Tasting Notes From Nigeria's Spice Train

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Nigeria and Malaysia share the same tropical climate; we also do share similar food customs: rice and millet is the basic daily staple, food is traditionally eaten by hand (but it is considered rude and impolite to eat with the left), its cuisine is based around a few staple foods accompanied by a stew, home made remedies and medicine from traditional herbs are still commonly consumed. There are certain food taboos, as outlined in the Macmillan encyclopedia Country and Their Cultures: pork is generally avoided nationwide, as most of its population are Muslim.

Certain grains, like rice and tubers are used as a base in its cuisine, seasoned, grounded and pounded into powder or kneaded into dough. As with the rest of West Africa, Nigerians also consume dairy products from sheep, goat and camels. Sheridan Mahavera shares these photos from his brief culinary tour. His verdict: it's spicy!

Lawal of Alpha Bless Cafe with the special Nigerian goat stew, "Obe Ogufi"

In Otunba’s and also in Lawal’s cafés, their bass voices rise to their natural heights. Their conversations take on a full-bodied lyrical quality, as if the vocal tones have been suppressed, rising up to a final melodic release.

“When we talk, Malaysians tend to think we are having an argument. Sometimes they get worried and the police are called. But that is how we talk,” says Otunba. (Ed: It may have a similar effect as with certain Chinese dialects, such as the harsh staccato accents of Hokkien)

Nonetheless, to accommodate this local response, when walking among Malaysians, Otunba and many of his friends consciously lower their voices.

The local media goes into a frenzy when a stretch of street becomes an African hangout. There’s an air of disapproval when Africans are seen to be lepaking on our streets.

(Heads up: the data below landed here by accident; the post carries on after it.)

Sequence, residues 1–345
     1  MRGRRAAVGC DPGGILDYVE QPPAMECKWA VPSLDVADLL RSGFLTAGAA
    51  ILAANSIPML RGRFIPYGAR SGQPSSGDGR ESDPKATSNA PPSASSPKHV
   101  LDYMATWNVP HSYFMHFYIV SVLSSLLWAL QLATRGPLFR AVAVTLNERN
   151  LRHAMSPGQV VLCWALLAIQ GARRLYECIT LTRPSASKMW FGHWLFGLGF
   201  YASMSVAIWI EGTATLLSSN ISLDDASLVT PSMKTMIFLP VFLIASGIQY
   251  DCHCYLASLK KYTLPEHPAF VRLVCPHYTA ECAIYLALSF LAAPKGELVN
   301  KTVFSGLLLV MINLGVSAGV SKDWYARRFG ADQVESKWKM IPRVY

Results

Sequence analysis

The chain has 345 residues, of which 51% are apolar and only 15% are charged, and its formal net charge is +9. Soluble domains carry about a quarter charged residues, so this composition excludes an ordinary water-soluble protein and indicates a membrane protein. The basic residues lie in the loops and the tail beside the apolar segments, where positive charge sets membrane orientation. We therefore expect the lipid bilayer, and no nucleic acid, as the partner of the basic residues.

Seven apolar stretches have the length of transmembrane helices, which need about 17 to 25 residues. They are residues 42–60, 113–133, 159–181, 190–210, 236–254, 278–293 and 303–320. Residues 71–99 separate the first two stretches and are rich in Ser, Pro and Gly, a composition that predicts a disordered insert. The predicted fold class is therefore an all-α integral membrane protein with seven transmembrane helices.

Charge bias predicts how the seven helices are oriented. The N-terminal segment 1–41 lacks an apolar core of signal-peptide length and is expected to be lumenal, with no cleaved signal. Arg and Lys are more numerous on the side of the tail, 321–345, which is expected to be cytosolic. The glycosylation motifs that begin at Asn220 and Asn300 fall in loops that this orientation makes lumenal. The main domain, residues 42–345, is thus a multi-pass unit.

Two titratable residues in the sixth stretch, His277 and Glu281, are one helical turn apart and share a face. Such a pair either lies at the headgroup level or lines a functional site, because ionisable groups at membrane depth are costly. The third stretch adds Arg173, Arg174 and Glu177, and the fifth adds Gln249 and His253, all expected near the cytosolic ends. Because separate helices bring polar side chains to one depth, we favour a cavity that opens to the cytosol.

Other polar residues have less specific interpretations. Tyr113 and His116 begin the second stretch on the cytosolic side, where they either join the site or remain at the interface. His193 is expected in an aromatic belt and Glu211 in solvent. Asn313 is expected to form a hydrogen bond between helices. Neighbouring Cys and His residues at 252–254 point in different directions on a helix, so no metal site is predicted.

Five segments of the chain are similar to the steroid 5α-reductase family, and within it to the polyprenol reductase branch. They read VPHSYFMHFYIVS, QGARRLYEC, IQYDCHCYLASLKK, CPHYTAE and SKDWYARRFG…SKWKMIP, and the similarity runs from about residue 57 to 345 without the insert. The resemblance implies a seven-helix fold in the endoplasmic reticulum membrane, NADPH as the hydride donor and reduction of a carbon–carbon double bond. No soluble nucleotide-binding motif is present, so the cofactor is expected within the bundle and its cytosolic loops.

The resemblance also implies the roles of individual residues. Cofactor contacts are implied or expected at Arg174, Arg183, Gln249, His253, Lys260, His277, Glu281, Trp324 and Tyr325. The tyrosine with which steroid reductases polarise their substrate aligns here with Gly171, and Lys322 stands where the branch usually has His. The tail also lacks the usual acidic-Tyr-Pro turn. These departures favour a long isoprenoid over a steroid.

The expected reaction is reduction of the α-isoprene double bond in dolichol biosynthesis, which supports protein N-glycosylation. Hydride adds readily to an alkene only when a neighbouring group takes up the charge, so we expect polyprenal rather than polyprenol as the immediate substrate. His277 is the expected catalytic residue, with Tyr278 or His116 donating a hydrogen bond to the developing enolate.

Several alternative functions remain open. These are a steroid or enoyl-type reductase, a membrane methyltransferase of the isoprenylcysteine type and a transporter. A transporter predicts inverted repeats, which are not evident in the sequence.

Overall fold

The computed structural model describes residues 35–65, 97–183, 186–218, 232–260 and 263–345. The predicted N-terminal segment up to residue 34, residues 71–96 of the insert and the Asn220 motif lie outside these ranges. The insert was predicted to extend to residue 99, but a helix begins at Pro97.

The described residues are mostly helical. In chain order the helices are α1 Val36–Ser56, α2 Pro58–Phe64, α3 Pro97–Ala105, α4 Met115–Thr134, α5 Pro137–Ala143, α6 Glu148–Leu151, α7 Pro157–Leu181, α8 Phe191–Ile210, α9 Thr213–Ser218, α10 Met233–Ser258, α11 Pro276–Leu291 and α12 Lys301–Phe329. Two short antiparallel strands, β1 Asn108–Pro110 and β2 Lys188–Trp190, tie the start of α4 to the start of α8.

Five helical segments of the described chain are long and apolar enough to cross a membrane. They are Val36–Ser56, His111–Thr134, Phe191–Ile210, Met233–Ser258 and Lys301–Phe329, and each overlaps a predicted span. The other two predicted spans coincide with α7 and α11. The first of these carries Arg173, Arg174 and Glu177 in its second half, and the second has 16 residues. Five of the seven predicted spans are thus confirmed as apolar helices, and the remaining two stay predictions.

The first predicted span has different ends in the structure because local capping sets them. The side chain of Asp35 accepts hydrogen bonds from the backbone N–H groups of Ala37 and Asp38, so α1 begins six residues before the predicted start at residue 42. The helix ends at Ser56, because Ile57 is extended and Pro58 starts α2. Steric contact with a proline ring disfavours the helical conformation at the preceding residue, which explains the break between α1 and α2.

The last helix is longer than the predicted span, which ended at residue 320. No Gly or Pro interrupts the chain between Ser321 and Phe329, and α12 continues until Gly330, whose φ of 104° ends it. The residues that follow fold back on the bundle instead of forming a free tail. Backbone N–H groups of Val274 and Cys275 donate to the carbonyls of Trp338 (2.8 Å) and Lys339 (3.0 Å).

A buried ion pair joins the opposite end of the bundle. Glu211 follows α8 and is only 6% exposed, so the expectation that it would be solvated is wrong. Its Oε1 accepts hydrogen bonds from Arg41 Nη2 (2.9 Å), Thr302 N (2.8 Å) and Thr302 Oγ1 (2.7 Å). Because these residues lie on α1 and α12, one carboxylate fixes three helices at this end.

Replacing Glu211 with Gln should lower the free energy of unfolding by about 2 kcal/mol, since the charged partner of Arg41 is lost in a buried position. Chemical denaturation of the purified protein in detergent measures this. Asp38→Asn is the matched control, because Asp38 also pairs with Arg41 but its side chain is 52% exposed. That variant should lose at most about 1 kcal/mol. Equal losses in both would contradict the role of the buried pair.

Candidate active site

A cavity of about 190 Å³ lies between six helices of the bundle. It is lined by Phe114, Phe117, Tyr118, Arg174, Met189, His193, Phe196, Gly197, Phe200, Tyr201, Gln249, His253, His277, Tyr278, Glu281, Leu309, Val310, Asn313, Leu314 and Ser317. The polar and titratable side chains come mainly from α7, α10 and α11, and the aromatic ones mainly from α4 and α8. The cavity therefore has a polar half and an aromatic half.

Thus, Alpha Bless Cafe and Home in Abroad are welcome refuge for them to be themselves. Television screens are constantly filled with Nigerian movies and music videos  and news from across the African continent is regularly shared.

But the fear of a clampdown is always at the back of their minds says a long-time African resident who wanted to be known only as Michael.

“Every African business remembers a restaurant in Cheras that was shut down a few years ago. It was popular with the community. Then a television crew secretly filmed the restaurant and the people there. It looked negative and they were soon raided. The case is still in court,” says Michael.

But these all seem to be of minor inconvenience to Lawal and Otunba. They don’t so much as complain or gripe but express a sense of sadness about Malaysian attitudes. Having invested in a business in Malaysia, both have a stake in seeing their adopted land do well.

“Malaysians can really benefit from understanding Africans,” says Otunba, while Lawal feels that the racism has closed minds to opportunities to prosper from and with Africans.

These opportunities are enormous and mutually beneficial. The growth of such eateries will not only add more flavours to the already vibrant repertoire of local flavours, but would also encourage other industries in trade and agriculture such as local goat rearing in Malaysia and the import of spices from across the African continent.

The potential for cross-pollination between Malaysian and African food is enormous since the *tastes and meal structures are recognisable. Similar to Peranakan and Mamak cuisines, which were born and evolved as migrant communities planted roots and flourished in Malaysia – the fusion of Malaysian and African cuisine should be something to look forward to in the future.


*In Awesome Sauce next month, Jerome Kugan puts his taste buds to the test, experimenting with sauces of Nigerian, Iranian and Congolese origin.

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